Things to Do on Chuckanut Drive

100T3105_LUCiDOne of the first things I heard about when we moved to Washington was the abundance of beautiful, scenic byways throughout the state, and in particular, Chuckanut Drive.

When people would find out we lived in Lynnwood, they’d always ask if we’d spent a day exploring that route. Several of my work colleagues recommended it and couldn’t believe we’d been living here a year without having checked it out.

I couldn’t believe it either, but the timing never seemed right. I was looking for that perfect lazy Saturday or Sunday so we wouldn’t feel rushed and could just meander without a schedule. Thanks to work schedules, weekend plans and weather, we just hadn’t been able to make the trip.

We finally had a weekend without plans–my husband’s favorite kind of weekend. The weather was beautiful, we were both hoping to relax and put the work week behind us, and it seemed like the perfect time to finally spend a day on Chuckanut Drive.

Originally I thought we would leave early and return early, but after looking up a few of the places we wanted to stop, it became quickly apparent that nothing opened until 11 a.m. so this was going to be more of an afternoon activity. We ate a late breakfast and left around 11 a.m., stopping off in Arlington and Mount Vernon to pick up some Row by Row quilt patterns for my mom before making our way just north of Burlington to route 11/Chuckanut Drive.

Our first stop was in Bow-Edison just a few miles after we were en route. My colleague said it was a cute, funky artist community, and that’s exactly how I would describe it! The town is tiny but we managed to find parking and then spent a little time walking around, popping in and out of the shops. Modern art is pretty much lost on us but we did check out the local gallery.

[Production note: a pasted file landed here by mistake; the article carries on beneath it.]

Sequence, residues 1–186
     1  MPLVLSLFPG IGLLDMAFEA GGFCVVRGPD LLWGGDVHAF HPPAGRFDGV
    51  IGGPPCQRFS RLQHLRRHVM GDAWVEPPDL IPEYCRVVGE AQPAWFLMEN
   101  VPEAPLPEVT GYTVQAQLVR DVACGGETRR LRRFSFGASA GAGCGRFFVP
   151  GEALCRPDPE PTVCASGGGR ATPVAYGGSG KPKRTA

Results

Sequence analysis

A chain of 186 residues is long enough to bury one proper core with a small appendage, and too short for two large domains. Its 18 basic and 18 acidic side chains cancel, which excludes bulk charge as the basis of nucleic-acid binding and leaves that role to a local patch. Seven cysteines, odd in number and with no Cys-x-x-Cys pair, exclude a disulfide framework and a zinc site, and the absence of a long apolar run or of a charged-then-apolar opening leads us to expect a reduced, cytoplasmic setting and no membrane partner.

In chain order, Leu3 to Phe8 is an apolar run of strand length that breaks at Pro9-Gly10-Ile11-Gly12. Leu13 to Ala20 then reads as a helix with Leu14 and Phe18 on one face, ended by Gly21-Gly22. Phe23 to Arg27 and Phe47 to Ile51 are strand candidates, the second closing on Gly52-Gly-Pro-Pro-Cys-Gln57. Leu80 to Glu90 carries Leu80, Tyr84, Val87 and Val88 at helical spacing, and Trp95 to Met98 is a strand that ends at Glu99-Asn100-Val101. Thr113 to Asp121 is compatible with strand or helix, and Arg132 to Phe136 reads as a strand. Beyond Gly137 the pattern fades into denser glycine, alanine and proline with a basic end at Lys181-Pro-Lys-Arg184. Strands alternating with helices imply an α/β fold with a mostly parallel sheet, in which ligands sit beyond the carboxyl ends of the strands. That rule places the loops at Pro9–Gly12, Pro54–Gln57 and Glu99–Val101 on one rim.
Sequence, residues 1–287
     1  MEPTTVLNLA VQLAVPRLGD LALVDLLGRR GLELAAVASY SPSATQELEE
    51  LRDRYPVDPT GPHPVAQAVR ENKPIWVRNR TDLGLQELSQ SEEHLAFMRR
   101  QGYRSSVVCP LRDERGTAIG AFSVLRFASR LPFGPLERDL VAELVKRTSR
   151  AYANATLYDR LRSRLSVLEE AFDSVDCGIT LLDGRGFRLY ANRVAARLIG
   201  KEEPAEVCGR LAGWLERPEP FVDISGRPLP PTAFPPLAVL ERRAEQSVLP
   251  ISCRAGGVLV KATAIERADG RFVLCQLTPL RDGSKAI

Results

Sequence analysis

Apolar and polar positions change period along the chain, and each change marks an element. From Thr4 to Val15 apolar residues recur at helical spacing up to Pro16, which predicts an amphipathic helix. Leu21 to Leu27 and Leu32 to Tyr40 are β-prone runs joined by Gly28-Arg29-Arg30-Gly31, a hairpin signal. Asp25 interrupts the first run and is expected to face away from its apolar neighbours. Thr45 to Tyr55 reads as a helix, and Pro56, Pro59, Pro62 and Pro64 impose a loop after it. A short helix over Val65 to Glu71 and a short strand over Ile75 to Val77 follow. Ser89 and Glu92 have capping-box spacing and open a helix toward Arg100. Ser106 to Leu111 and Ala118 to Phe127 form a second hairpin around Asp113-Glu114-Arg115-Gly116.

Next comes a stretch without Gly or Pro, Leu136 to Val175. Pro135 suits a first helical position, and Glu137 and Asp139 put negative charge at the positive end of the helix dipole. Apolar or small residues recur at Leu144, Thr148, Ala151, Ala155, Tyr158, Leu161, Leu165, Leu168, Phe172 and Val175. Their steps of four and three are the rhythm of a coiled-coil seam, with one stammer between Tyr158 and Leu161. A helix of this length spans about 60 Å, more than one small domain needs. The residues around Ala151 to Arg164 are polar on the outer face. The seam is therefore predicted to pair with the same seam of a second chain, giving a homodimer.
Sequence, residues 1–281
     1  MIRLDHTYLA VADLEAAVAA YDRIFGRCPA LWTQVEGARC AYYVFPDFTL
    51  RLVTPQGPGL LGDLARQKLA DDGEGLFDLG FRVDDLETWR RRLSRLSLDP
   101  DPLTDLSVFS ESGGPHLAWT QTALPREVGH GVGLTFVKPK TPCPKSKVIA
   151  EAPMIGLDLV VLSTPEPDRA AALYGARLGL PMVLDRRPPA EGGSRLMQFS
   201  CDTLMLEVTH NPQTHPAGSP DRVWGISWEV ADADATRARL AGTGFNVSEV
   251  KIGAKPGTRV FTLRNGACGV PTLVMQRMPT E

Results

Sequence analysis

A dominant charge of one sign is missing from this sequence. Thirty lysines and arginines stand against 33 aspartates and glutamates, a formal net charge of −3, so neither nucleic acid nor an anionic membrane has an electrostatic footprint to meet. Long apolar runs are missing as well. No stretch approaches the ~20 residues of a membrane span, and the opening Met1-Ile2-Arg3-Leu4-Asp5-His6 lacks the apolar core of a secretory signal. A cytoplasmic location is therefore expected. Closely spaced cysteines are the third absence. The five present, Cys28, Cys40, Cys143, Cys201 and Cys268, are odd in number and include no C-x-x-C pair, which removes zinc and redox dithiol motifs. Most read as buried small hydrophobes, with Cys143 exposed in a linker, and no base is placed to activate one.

I bought some local sea salt, Brian bought a nice piece of walnut in a woodworker’s scrap pile, and we both went in for some baked goods from Breadfarm, including a black olive baguette, fig bar, coconut macaroon and pear tart for the road.

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We hopped back on Chuckanut and headed slowly north, passing a bison farm and several fruit farms as we approached the coast. There were tons of bikes on the road thanks to a huge race from Seattle to Vancouver so what would have typically been a slow drive became infinitely slower as we all wound up and around the curvy and narrow road toward Bellingham.

It was early afternoon and we were starving so we pulled off at the Oyster Bar for lunch. It was pretty warm outside but we grabbed a perfect little table for two in the shade outside on the back deck overlooking the water.

It was gorgeous outside and we ended up there for quite a while, eating oysters on the half shell (including Wildcat Cove, which we hadn’t tried before–they were delicious!) and some small plates. Brian had a crab roll, and I had an asparagus gnocchi dish that was really tasty.

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Despite having eaten an incredible lunch, we did stop at Taylor Shellfish Farms to see what it’s all about.

Several people had recommended we grab lunch there, but we didn’t quite know how it worked and we weren’t really interested in grilling or sitting out in the sun given the heat.

I think we made the right choice for our day, but we both agreed it would be awesome to go back for a late lunch or early dinner. There were tons of people with buckets of oysters just going to town–some eating them on the half shell, some grilling them on the charcoal grills around the seating area.